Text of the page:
Skins Game: Current Impasse Also An Opportunity To Get Online Casino Legislation Right

Josh Pearl

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Branding matters, maybe doubly or even triply so in the online casino realm. But what happens in the future when operators are unable to offer more than one online casino brand due to state law? 

Operators have built their player databases through various acquisition channels. From there, the funnel to successfully convert an existing patron to a registered/deposited player is a function of various factors, such as product and promotions, but also brand recognition, familiarity, and trust.

For online sports wagering, to this point, one brand per operator has generally sufficed. Conversely, a review of the U.S. regulated online gambling operator landscape reveals that there is a clear need for operators to rely on more than one brand for online casinos.

If online casino legislation in future states follows the pattern set by currently enacted sports wagering legislation, online casino operators may not have the ability to offer multiple brands under one license. If an online casino operator is required to obtain multiple licenses to offer multiple brands, this could negatively impact the number of operators who enter the market (assuming the number of operators/access points is capped in law). 

This is currently an issue in Michigan, where the law only allows each of the 15 allocated licensees (12 tribal casinos plus three commercial casinos) to offer one brand for online casino games and poker. As a result, Caesars purchased WynnBET’s online casino license (with the Sault Ste. Marie Tribe) to support Caesars’ goal of launching a second of its own online casino brands later this year. In turn, this keeps another prospective operator out of the Michigan market.

In a state like Illinois where only one online sports wagering platform (brand) is available for each casino or horse track, a similar approach to online casinos could possibly preclude new operators from entering the market if the number of access points is kept the same while restricting each to one branded platform. In a state like West Virginia where each casino/racino can deploy up to three branded platforms (sports and casino), a company like DraftKings will require three separate licenses if it wishes to offer the Jackpocket online casino brand in addition to its current DraftKings and Golden Nugget online casino offerings. 

Of the 38 states (plus D.C. and Puerto Rico) that have legalized sports wagering, only eight so far (Connecticut, Delaware, Michigan, New Jersey, Nevada, Pennsylvania, Rhode Island, and West Virginia) have legalized online casinos. With 40-plus states not having passed online casino legislation, now is the time to ensure branding limitations do not become an issue in other states in the future. (Note, Nevada has only authorized online poker and would require regulation changes to allow other casino games.)

With an uptick in recent merger and acquisition activity in the online sportsbook/casino space, along with the recent growth in adjacent verticals (i.e., daily fantasy sports, online lottery, and online sweepstakes), there is more of a need to revisit the general structure of online casino legislation to ensure enough operators can enter the state. Further, and equally as important, the legislation must ensure that operators have the flexibility in the brands they offer.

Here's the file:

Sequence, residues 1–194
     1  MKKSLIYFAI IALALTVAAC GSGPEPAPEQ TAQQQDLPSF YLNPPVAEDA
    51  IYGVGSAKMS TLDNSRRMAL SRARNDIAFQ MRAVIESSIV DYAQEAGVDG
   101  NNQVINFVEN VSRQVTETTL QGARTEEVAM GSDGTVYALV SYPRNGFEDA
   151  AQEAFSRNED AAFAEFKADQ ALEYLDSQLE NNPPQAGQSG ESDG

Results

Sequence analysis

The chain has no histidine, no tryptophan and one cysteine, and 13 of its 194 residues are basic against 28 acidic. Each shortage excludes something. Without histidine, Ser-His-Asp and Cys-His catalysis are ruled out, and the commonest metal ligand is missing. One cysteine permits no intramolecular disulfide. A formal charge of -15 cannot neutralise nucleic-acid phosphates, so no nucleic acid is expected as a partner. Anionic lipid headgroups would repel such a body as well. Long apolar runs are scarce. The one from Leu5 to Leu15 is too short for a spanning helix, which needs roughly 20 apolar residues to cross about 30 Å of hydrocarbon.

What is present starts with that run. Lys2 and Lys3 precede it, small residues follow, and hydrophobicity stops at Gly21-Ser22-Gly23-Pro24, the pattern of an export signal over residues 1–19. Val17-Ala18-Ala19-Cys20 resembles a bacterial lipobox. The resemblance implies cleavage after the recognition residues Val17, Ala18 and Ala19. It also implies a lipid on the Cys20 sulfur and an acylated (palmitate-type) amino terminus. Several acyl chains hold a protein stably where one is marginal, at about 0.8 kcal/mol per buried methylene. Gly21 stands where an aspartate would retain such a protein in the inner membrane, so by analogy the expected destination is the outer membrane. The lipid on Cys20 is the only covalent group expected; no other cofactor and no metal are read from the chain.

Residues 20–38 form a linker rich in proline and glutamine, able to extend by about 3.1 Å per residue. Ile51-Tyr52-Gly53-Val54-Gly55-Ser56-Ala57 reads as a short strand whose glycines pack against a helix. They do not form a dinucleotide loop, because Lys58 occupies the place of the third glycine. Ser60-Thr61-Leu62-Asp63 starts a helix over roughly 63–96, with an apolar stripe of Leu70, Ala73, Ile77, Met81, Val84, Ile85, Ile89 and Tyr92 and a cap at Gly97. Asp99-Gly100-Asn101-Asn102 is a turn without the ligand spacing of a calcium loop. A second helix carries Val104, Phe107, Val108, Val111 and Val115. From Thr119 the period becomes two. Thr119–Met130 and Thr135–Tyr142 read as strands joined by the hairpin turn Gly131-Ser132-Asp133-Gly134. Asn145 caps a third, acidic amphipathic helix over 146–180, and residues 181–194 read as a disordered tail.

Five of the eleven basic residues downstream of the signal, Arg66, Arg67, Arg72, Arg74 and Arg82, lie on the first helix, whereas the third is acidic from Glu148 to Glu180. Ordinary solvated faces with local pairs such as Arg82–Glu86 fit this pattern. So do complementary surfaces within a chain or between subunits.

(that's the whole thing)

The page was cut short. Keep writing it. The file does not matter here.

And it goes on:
While the industry has been frustrated by the slowdown in the pace of online casino legalization the last few years, I submit that the impasse is actually an opportunity to structure legislation that fosters an environment allowing operators to be flexible and innovative in the brands they offer, a necessary component to create a thriving regulated online casino marketplace.

Below, I offer a few thoughts for consideration on the importance of skins/brands, how legislative frameworks can be structured to support multiple brands under one license, the importance of such a framework, and the groups that can help make these changes in future legislation.

What’s in a ‘skin’

A skin is essentially a branded platform — BetMGM, Caesars, DraftKings, Fanatics, FanDuel, ESPN Bet, etc. The term, and concept, originated well before New Jersey legalized online casinos in 2013. Online operators in more mature markets, like Australia and Europe, have utilized different gaming brands to appeal to various subsets of customers for years. Increasing brand loyalty helps convert more players from the illegal market and ultimately maximizes taxable revenue to the jurisdiction. 

When thinking about this in the broader picture, this is no different than other regulated industries where parent corporations offer different brands and products to appeal to different customers and their wants and needs. PepsiCo offers zero sugar, cherry, vanilla, regular, etc. Suntory Global Spirits offers Jim Beam, Maker’s Mark, and Knob Creek, along with multiple international scotch and whiskey brands.  

Different brands resonate stronger with different customers. More brand familiarity and options lead to more converted customers.

A quick look at the text 

Before we go further, consider the enabling legislation for online casinos in Michigan, and the online casino regulations in West Virginia:

Michigan legislation (HB 4311) (emphasis added):

(7) An internet gaming operator may offer internet gaming under a maximum of 2 separate brands, 1 for each of interactive poker and other casino style games. This subsection does not prohibit an internet gaming operator from using fewer than 2 brands or from using a single brand to offer any combination of interactive poker or other casino style games.

West Virginia regulations (emphasis added):

§ 179-10-20 Limitations on licensed i-Gaming operators